Initial threat of lightning as illustrated by the LightningCast product.
The showers on the SE side of this line have decreased in intensity and have lost most of their lightning potential. The probabilities have decreased accordingly.
LightningCast, GLM, radar, and satellite showing the decreasing trend in lightning threat and the approach of moderate to light showers on the DSS event.
Showers are expected within the next 30-40 minutes and the trend in lightning appears to be going down consistently. GLM has also been helpful in showing that no cloud flashes have been observed at this stage.
There were some minor inconsistencies that I noticed since the Meso-sectors were both over our CWA. These were mostly minor, but I noticed at one point, a location had a probability of >50% or 0% and did not intersect with GLM measurements.
Inconsistencies in GLM and LightingCast Meso1/Meso2 probabilities. It seems the accurate probability here was 0% based on the lack of ground-based lightning network reporting.
As PHS indicated there was a second and more concerning wave of convection moving from the SW toward the DSS event area later in the afternoon. GLM and LightningCast probabilities both show the strengthening of this pulse and the increased lightning activity as it moved into the BMX CWA.
21:26Z, the storm indicated a 10% chance of lightning at the DSS event area.
21:36Z, the storm indicated a 50% chance of lightning at the DSS event area.
The 45-minute warning was given at 21:50Z to the event coordinator that a storm with the potential of producing lightning and winds in excess of 30 mph was approaching the event area. GLM was a key part in this decision as it continued to show strengthening with lightning pulses indicating that the storm was at least maintaining its strength. The LightningCast probabilities were also increasing as they approached the area with the 75% contour moving into the area by 21:52Z.
GLM (top) and LightningCast at the 45-minute DSS decision point.
The pulses weakened significantly as it approached the area and this was consistently evident in the GLM display and the LightningCast probabilities.
GLM (top) shows the MFA increasing and the FED decreasing. This was consistent with radar data and observed lightning pulses. The LightningCast probabilities also decreased.
Lightning occurred in the area around 22:38Z with GLM showing another pulse beginning as the storm moved through our DSS area.
In general, I found GLM to be much more useful today outside of the supercellular mode with more multicellular convection observed over central and southern AL and especially so for identifying strong cells within a linear structure.

ProbSevere v3

In a DSS setting there isn’t a real reason to use ProbSevere v3 because winds far below the 50-knot threshold could cause problems at our DSS events. That being said, there was great information in the trend graphic as I could see the growth and decay of storms that were already in progress. This allowed me to focus my attention on the strongest storms.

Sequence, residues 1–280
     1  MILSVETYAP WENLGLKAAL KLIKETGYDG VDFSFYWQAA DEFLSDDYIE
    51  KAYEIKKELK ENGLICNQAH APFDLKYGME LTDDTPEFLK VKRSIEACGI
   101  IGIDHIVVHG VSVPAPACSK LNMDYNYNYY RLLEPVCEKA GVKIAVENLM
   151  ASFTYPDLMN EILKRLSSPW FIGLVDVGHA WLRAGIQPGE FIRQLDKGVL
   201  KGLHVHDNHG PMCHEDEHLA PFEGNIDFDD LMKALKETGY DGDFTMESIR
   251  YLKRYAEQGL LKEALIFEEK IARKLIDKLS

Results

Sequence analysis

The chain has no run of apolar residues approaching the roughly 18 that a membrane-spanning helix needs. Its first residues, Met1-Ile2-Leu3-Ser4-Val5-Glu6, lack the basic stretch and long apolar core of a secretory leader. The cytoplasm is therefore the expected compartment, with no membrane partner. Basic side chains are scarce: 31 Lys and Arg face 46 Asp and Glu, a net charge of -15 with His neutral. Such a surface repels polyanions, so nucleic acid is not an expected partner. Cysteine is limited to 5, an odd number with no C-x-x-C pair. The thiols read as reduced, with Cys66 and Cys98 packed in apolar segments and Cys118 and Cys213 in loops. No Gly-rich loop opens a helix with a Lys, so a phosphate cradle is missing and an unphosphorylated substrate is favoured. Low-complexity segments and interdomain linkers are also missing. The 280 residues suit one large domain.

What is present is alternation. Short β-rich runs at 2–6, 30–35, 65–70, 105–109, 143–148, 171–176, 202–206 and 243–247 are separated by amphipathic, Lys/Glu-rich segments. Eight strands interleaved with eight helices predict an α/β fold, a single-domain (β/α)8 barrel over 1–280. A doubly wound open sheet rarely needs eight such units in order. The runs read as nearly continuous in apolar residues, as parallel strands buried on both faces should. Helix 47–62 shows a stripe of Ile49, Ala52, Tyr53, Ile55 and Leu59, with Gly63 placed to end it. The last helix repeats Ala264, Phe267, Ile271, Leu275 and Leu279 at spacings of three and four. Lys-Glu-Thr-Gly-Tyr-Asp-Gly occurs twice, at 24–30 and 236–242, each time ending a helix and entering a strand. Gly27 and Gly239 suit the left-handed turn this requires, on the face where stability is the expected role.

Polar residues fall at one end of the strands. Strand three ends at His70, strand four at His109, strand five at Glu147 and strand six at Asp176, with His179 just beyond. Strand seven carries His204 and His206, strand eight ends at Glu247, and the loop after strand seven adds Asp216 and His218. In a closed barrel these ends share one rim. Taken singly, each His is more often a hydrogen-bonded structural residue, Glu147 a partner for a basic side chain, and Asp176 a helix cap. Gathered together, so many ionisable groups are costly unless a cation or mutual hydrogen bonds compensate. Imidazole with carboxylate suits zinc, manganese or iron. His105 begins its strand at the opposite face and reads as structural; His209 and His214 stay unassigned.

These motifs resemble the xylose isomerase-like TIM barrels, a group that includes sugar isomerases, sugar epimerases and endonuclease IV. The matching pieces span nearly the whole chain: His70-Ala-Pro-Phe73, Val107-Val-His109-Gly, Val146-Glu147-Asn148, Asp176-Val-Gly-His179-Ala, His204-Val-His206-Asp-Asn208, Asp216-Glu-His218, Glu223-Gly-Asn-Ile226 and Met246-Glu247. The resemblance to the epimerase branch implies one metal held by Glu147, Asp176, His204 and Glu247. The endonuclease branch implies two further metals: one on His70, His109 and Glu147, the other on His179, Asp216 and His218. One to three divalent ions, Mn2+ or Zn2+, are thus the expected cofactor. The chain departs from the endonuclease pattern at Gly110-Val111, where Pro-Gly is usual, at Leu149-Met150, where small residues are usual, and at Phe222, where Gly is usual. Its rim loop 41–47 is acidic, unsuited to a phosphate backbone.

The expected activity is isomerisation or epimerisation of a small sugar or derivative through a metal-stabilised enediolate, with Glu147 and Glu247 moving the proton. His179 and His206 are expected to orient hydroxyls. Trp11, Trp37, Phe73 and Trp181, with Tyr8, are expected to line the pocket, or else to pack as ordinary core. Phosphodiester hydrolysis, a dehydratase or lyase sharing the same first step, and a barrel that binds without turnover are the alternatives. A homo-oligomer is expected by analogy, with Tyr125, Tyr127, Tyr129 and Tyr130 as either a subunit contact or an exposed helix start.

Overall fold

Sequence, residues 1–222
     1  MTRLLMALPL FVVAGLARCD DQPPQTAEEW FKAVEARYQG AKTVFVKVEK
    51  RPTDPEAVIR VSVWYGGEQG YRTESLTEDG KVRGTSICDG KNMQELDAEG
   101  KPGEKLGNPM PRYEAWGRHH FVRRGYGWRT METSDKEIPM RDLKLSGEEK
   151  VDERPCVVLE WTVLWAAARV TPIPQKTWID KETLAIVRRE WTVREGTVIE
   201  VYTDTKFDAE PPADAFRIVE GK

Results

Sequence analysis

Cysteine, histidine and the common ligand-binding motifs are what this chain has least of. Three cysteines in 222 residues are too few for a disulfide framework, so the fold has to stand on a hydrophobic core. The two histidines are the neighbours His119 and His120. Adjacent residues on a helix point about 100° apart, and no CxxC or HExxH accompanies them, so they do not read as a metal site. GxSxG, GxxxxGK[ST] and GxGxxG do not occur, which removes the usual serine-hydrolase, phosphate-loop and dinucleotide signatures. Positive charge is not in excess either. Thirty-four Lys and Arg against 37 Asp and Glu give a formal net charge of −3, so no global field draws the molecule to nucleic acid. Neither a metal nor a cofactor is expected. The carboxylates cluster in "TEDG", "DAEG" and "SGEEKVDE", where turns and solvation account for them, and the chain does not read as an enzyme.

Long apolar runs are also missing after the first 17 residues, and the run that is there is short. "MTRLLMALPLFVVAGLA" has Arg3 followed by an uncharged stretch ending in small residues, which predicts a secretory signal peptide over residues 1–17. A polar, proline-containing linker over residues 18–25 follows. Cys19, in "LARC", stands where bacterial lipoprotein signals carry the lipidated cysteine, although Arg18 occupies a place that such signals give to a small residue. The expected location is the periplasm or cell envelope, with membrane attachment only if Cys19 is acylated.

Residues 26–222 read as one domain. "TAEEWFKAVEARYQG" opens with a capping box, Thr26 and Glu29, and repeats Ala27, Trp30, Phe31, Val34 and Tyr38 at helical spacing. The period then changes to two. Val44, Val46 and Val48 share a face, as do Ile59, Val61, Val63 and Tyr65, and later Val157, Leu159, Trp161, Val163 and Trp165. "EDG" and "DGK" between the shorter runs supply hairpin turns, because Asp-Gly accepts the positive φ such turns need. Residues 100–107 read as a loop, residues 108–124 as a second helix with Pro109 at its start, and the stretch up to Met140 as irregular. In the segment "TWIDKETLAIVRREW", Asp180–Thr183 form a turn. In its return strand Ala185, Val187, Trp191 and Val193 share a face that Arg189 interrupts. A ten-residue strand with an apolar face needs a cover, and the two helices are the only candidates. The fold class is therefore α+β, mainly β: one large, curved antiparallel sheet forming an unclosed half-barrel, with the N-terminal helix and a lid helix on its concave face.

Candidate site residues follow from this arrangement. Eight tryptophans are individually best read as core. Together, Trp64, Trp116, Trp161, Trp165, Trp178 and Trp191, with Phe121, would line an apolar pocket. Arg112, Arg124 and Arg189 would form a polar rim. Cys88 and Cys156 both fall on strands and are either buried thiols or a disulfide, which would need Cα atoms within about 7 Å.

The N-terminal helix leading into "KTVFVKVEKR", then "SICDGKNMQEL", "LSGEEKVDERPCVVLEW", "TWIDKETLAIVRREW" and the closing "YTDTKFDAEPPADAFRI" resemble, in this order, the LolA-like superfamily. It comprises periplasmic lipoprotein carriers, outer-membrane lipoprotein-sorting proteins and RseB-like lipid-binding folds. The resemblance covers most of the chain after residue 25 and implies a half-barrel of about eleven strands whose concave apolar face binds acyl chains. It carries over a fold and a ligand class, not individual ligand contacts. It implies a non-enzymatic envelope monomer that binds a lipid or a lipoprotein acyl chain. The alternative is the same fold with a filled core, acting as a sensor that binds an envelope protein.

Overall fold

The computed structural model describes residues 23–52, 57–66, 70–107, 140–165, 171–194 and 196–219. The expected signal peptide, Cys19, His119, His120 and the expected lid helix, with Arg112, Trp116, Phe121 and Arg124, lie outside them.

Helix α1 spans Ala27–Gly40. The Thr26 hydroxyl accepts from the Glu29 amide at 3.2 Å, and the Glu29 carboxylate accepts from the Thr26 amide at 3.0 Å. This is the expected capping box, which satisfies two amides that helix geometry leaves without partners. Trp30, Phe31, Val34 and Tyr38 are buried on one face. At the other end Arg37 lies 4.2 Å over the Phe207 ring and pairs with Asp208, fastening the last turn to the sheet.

Ongoing convection ahead of the line of storms limited the NUCAPS ability to produce good data. Availability of soundings was also an issue as the data came in between 19-20Z with storms ongoing near my area of interest.

Optical Flow Winds

For the optical flow winds, there wasn’t much in the way of DSS that I could find a use for. The divergence field again could be useful, but with the suite of GLM I was seeing the divergence and strengthening of the storms in multiple products. Visualization is still the main hurdle with OFW.
Once the anvil for some of these storms developed it was difficult to use. Especially as debris clouds developed and overspread the area in advance of additional convection behind the initial line.
– Overcast Ambiance

Memphis, TN Synopsis


An upper low and cold front is expected to move across the lower MS Valley. As the upper low moves east today, weak shortwaves embedded in southwest flow will lead to a marginal risk of thunderstorms as they form along and ahead of the front over the Memphis region. The main concern was a moderate risk of excessive rainfall for this afternoon/evening.

IR imagery. Upper low located near the OK Panhandle.

Surface analysis map of the surface low and attendant front.

Surface observations as of 4:00PM CDT.

SPC Day 1 Convective placing TN at a marginal risk.

MLCAPE ~500 J/kg.

PHS displaying weak CAPE/LI values and a well-defined dry line just west of AR.

WFO Memphis headlining excessive rainfall outlook.

WFO Memphis headlining marginal risk of severe storms.

Most of the severe storms were east and south of our area of interest shown here with GLM.

GLM overlaid with Radar.

GLM overlaid with satellite imagery.


ProbSevere3 showing a low risk of thunderstorms.

Optical Flow winds show an area of divergence over eastern and southern AR/TN border.

Vortex Power